During this dive, Lee saw his first Goliath Grouper which we estimated weighed in around 900 pounds. (I'd seen one before on a previous dive, but not quite this large.) And I saw my first shark; a nine-foot nurse shark which was cruising in and around the reef and ledge. We also encountered a very curious sea turtle that was about two-and-a-half feet big. He swam up and hung with us while we were doing our deco safety stop at about 15-20 feet deep.

The dives were incredible and fun. And I met one of my online scuba buddies, Sandy, who lives in the Jupiter area. While we were drift diving, she and her dive buddy, Michelle, were hunting lobster.

Tuesday, September 16, 2008

Confrontational fisherman

Last I checked, the Atlantic Ocean was a huge body of water. In fact, according to Wikipedia, it is the second largest ocean covering approximately one-fifth of the earth's surface. So one would think with this amount of space, boats could easily share the Atlantic.

Unfortunately, this past Saturday, this was not the case for one fisherman as he proceeded to tell us off and demand we leave the area he was fishing as he was there first. He ranted and raved and yelled colorful things. But my favorite line was "I don't care if I bring up a fish or a diver; I'm not leaving this spot."

Keep in mind that there was no other boat on this dive site or anywhere within our field of vision. Here we were 30 miles off the coast of Charleston, with a kind, gentile fisherman (sarcasm intended) who didn't want to share the water.

Please note that I was on a dive charter with a captain. The site we were anchoring to was absolutely huge. So there was plenty of room for many boats to share. And funny thing is, the confrontational fisherman wasn't anchored at all, nor was he on the site when we arrived. He showed up once we got there.

It reminded me of the funny trick an old friend, Steve, used to pull years ago when we'd go see a movie. The theater would be empty with the exception of one person. So Steve would go up to that one person and say, "Excuse me, you're in my seat." Of course, he was kidding and it did evoke laughter from all parties.

In this present day example, however, the fisherman did not evoke any good emotions. In fact, he was so close to our bouy he could have reached out and pulled it into his boat. Never mind that South Carolina Department of Natural Resources has a state law that requires boats to remain a minimum of 50 feet from diver-down flags.

But even if there wasn't such a law, I just don't get why anyone would behave so poorly. There is no excuse for it. You'd think I wouldn't be surprised by such cantankerous folks in today's "me-oriented" society. But being the Pollyanna type, I keep hoping for the best in people.

By the way, the guy decided to leave after a while and the rest of our time on the water was awesome.

Three is not for me

As most divers know, we are encouraged to dive with a buddy for safety reasons. Although solo divers are not uncommon among the super advanced. Personally, I like having a dive buddy so I can share the experience. In addition, diving with a buddy ensures there is someone nearby should I need help getting untangled from fishing wire caught on my tank or to help put my weight belt back on that fell off at 70 feet. (Both of these things have happened to me already in my young diving career.)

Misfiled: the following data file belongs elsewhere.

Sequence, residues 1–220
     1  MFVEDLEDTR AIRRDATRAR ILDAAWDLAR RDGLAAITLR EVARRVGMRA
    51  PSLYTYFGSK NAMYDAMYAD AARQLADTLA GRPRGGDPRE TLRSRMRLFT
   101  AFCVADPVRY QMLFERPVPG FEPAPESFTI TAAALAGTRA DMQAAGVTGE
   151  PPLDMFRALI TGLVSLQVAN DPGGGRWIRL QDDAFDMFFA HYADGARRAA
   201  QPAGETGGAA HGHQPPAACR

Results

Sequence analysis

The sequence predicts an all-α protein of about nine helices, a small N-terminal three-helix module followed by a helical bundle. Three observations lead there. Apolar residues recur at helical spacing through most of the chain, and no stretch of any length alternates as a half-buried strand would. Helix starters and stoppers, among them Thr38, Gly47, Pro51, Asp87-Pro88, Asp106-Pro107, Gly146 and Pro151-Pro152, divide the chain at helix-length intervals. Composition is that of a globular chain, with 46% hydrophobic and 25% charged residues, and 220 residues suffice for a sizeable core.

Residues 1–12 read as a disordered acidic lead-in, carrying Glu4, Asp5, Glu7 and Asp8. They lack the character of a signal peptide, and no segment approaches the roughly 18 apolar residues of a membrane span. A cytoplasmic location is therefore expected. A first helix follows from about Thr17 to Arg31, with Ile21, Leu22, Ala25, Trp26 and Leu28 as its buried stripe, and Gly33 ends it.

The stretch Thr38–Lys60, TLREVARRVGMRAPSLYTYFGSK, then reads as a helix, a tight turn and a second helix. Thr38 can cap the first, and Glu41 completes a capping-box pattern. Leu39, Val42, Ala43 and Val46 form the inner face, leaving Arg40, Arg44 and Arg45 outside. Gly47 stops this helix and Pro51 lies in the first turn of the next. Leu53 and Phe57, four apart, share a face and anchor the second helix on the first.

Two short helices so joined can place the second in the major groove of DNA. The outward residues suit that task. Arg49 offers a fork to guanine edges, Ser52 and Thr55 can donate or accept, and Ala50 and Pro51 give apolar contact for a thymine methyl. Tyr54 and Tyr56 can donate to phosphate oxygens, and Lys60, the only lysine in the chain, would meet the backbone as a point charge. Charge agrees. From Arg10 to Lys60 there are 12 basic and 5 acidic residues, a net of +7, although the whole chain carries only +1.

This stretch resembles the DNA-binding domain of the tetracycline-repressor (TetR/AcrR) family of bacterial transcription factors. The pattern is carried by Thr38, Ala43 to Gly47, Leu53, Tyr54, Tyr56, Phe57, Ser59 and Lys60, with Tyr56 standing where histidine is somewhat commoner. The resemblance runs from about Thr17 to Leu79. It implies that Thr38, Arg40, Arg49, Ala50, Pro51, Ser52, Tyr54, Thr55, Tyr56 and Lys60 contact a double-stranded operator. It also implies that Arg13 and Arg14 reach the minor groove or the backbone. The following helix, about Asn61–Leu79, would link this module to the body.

I'm sure we've all encountered the charter that has an uneven number of divers on it. When that occurs, typically a threesome is sent down to explore the underwater world. Well, this weekend, I learned that diving with a team of three is not for me.

Here is what solidified this for me... I was diving on The Sugarbowl off the the Charleston Coast with two other ladies. All was well, although the distance we were covering was a lot slower due to stops for photos of fish. Two of us got ahead of one and we had to keep circling back to reconnect with the third. And before I know what had happened, they were gone. I swam around looking and looking for them, but it was like they had vanished or had been sucked up into a vortex. When I couldn't find them, or anyone for that matter, I had a choice to make. Did I keep swimming around looking for them? Or did I make a slow assent to the surface?

Well, I chose the latter and slowly ascended to the surface. I must tell you that prior to making that decision, it felt kind of eerie to be down there "alone." I had plenty of air, but I didn't want to risk it. There is simply a comfort in knowing your dive buddy - or buddies in this case - are nearby.

The captain and dive master saw me when I surfaced and called out to me. I gave the universal "okay" signal and slowly started swimming to the boat.

At that point, I decided that never again would I swim with a team of three. It's simply too easy to get separated. So, diving for three is not for me.

Monday, September 15, 2008

Things to write about...

It's the morning after a weekend of diving with Charleston Scuba; four dives in total. And my mind is swimming with thoughts of things to write about... I think I'm going to have to do separate little vignettes. The topics include: